Robert Alda

  • Felix Jacoves – Homicide (1949)

    In the desert resort town of Glorietta Springs, near Los Angeles, farm laborer Brad Clifton arrives at the Webb Ranch, looking for work. Mrs. Webb, the farmer’s wife, directs Clifton to the lemon groves, but there, he encounters Nick Foster and Pete Kimmel with Webb’s body. They order him to claim that he saw a drunken Webb fall off the tractor. When Clifton tries to get away, they shove money at him and threaten to tell the police that he murdered the man. Clifton does as he is told, and a coroner’s jury determines that Webb died as the result of an accident.Read More »

  • Raoul Walsh – The Man I Love (1947)

    Tough torch singer Petey Brown, visiting her family, finds a nest of troubles: her sister, brother, and the neighbor’s wife are involved in various ways with shady nightclub owner Nicky Toresca. Sexy Petey has what it takes to handle Nicky, but then she meets San Thomas, formerly great jazz pianist now on the skids, and falls for him hard.Read More »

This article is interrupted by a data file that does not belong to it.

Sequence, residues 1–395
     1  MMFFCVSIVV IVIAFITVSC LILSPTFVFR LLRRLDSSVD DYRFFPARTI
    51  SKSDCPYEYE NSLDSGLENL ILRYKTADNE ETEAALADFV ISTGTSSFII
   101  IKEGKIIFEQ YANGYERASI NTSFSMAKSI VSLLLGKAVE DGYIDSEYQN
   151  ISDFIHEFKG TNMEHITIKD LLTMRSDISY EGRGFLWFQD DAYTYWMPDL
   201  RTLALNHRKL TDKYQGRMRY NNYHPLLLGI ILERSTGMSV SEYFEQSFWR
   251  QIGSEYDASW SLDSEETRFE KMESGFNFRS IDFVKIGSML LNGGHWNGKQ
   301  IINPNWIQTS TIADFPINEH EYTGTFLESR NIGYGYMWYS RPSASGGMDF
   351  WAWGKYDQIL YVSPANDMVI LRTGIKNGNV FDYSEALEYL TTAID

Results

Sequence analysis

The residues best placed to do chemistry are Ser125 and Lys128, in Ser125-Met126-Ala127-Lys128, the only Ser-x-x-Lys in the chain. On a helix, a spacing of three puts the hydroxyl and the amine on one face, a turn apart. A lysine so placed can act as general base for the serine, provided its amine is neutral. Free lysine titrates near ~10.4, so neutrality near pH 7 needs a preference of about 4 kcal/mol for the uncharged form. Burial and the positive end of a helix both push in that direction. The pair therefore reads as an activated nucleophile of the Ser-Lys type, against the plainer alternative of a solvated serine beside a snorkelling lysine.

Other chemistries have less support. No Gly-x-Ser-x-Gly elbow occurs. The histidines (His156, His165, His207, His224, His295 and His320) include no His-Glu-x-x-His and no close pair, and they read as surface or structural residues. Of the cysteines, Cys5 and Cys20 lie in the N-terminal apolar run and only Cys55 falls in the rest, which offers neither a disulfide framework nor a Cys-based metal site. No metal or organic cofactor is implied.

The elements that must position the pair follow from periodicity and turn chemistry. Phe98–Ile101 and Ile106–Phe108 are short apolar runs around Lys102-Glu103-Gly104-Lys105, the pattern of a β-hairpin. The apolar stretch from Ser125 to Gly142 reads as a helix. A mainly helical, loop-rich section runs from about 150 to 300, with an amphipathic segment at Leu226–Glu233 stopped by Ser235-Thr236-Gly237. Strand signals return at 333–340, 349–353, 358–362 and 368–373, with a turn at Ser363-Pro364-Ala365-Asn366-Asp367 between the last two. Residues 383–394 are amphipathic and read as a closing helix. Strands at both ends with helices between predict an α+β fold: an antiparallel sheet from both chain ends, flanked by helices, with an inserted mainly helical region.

• Fritz Lang – Cloak and Dagger (1946)

    The Harvard Film Archive writes:
    Released more than a year after V-J Day, Fritz Lang’s final anti-Nazi film follows Gary Cooper’s improbable nuclear scientist into war-torn Europe on a secret mission for the OSS. “The opposite of a James Bond,” writes Enno Patalas, “Cooper stumbles through a hostile world.” The character’s transformation from noble-minded rationalist to a realpolitik hero culminates in a remarkably brutal scene of hand-to-hand combat with a fascist agent. Lang would later complain that Warner Bros. excised his preferred ending of Cooper uncovering an abandoned Nazi bomb factory: a strikingly paranoid vision of the nuclear threat cut to fit the emerging Cold War eraRead More »

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